Communal security our responsibility
Last week brought with it the disturbing news that armed robbers in Johannesburg had invaded a shul after a service and tied up and robbed those who remained in the building. Fortunately, the victims weren’t harmed, but the incident was a sobering reminder of our need – as individuals and as a community – to be continually aware of our environment and take whatever steps possible to secure our installations from attack. In this respect, we need to be guided at all times by the Community Security Organisation (CSO), which for nearly 30 years has acted as the security arm of the Jewish community and to that end, has developed carefully considered protocols, procedures, and guidelines to help its members to protect themselves.
Regardless of whether the threat is criminal or terrorist related, the lesson we need to take from this incident as well as from other attacks against Jewish institutions around the world is that it’s crucial for Jewish organisations everywhere to be security-conscious and take practical steps to ensure the safety of their installations.
The CSO, working in conjunction with the police and security companies, can be relied upon to maintain the highest standards of vigilance and professionalism in protecting our community, but in order to be effective, it’s reliant on the support and co-operation of the greater Jewish public. From the start, it has functioned as a professionally-headed body working with a larger volunteer base, and this has proven very effective. Those volunteers who stand outside their shuls and schools and at major communal functions are performing a critical role since by maintaining a visible presence, being constantly aware of their environment, and reporting all suspicious or unexplained activity, they ensure that those wishing to target our community won’t take us unawares, and that appropriate procedures are followed in the event of an attack.
Those not involved with the CSO must make every effort to co-operate with and assist that organisation to the greatest extent that they can, both by complying with the security recommendations it provides and by following its directives. It’s further incumbent on all of us to be constantly on the look-out for suspicious activity, and immediately report anything out of the ordinary to the CSO on 086 1800 018. Those requiring any advice about improving the security of their installation should email firstname.lastname@example.org.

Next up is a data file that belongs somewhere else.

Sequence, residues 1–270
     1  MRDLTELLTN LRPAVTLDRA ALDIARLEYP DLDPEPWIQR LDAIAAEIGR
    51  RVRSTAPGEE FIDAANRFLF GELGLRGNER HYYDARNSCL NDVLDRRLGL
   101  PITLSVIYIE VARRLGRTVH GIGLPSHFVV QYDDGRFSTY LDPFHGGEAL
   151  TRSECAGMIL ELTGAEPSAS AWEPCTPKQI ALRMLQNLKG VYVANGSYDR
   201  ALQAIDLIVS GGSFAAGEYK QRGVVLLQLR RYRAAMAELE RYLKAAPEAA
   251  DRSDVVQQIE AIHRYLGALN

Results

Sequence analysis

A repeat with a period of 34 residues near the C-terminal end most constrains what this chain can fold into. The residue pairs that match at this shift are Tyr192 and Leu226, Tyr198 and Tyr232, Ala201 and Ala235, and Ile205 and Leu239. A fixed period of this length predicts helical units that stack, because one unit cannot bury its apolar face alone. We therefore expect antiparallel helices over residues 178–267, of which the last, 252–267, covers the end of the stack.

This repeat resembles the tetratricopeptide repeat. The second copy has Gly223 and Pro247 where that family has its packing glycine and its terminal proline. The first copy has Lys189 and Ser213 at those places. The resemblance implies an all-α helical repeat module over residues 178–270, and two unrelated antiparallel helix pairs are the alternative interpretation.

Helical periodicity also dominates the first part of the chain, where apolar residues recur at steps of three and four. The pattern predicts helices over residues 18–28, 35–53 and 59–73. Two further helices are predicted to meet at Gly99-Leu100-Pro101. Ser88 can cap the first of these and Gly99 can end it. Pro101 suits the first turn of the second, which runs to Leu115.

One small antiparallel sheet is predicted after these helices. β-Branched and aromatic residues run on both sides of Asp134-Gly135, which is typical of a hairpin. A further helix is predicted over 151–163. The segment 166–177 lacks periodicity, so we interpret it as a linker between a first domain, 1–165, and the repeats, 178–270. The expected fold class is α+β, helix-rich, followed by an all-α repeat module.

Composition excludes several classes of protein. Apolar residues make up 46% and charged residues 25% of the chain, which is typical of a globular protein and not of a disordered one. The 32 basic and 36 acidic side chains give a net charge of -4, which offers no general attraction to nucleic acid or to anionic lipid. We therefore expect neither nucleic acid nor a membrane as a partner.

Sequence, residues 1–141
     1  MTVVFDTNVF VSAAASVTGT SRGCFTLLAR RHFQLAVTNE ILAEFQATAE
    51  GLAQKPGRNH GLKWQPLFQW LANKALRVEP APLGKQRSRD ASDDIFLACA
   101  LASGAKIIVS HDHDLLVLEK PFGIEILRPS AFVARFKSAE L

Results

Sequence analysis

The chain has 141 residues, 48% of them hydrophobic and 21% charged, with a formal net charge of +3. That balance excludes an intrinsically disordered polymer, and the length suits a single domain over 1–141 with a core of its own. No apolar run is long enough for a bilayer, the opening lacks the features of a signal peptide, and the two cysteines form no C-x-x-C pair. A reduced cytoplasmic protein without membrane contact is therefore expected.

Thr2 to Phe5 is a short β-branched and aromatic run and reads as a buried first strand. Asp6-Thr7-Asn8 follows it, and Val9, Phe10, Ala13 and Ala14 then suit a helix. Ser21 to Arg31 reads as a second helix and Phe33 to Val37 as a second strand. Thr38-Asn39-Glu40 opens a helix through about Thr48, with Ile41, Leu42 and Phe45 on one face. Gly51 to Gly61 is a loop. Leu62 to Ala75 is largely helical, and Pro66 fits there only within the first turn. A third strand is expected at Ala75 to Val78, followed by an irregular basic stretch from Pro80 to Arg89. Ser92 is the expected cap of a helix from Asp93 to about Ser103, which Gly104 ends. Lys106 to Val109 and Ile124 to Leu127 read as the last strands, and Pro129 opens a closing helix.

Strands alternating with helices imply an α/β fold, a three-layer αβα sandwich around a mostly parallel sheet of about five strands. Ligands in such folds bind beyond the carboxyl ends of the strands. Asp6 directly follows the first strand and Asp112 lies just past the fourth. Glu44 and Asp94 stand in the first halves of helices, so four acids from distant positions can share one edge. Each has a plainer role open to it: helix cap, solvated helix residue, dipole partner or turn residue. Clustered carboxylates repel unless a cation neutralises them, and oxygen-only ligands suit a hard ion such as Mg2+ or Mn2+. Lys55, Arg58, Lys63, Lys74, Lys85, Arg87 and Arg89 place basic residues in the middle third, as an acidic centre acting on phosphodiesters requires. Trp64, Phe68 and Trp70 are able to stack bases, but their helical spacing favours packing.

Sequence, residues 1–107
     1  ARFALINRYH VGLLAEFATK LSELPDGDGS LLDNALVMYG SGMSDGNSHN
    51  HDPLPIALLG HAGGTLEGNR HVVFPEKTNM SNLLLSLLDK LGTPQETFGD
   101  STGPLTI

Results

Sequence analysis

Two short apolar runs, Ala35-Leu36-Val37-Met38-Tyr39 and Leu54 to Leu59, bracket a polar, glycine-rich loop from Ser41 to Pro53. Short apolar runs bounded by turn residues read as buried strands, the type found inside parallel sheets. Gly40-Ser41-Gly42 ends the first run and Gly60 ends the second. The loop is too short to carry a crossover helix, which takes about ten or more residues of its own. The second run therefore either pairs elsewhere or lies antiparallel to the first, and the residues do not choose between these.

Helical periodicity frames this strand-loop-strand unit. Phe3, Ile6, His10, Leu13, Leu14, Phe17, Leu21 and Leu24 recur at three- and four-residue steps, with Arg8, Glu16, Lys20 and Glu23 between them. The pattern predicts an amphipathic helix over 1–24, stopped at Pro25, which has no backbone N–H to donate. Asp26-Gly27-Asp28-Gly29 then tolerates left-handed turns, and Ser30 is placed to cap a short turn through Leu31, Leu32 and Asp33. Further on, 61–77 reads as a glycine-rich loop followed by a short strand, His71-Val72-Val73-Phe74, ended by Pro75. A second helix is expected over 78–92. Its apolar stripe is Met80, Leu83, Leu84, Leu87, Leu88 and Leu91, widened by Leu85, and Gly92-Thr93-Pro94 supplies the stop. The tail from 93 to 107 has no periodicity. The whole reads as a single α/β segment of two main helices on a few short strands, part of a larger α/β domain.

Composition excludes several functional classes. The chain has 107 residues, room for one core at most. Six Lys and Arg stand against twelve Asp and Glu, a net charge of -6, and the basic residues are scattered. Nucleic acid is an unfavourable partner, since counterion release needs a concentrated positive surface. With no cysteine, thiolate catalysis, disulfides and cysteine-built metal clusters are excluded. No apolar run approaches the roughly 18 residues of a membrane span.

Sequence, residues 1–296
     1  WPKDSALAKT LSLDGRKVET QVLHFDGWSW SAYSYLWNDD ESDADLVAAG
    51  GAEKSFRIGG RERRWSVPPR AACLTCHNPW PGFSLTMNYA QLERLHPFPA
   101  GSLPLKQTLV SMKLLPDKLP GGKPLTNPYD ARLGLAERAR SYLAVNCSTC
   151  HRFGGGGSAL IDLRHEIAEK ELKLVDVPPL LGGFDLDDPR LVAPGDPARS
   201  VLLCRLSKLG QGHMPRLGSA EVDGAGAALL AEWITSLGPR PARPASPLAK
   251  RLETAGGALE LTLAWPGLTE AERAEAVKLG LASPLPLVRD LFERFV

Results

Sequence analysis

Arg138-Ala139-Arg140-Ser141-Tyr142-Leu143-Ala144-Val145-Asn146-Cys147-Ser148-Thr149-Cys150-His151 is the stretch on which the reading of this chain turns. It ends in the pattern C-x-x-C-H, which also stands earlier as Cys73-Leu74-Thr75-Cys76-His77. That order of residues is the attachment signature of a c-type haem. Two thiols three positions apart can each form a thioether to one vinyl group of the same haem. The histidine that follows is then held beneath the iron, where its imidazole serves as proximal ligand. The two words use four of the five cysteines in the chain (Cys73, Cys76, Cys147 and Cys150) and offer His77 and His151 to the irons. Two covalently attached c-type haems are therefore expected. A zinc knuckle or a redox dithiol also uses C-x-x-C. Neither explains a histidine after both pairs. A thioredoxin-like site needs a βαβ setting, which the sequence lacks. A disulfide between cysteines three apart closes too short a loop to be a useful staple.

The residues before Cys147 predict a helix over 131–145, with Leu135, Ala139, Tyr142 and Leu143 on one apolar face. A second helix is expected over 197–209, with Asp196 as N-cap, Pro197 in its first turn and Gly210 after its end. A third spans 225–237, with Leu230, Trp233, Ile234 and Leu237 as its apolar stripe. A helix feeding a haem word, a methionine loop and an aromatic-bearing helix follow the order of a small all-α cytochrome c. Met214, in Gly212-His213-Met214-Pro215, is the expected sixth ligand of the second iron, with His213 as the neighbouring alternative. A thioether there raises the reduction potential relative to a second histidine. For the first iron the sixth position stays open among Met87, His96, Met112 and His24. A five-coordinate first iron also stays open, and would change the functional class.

We won’t be sidelined
Following on my last column reporting on the BDS-inspired attack on a Jewish candidate for the Constitutional Court, the South African Jewish Board of Deputies has since devoted much effort to engaging with the media to express our outrage about this latest attempt to prevent Jews – or at least the vast majority who refuse to endorse the radical anti-Israel ideology of the boycott lobby – from holding public office in South Africa. In terms of the Constitutional Court issue, this is something we will be addressing with relevant people in the coming weeks and months. As those who have been following the debates over appointments to what is the country’s highest judicial body will understand, it’s a complex matter, and needs to be dealt with sensitively and with due consideration of all the facts. However this question is pursued, I can assure you all that our community’s right to dignity and equality is non-negotiable, and this is of great importance to the board.
- Listen to Charisse Zeifert on Jewish Board Talk, 101.9 ChaiFM, every Friday from 12:00 to 13:00.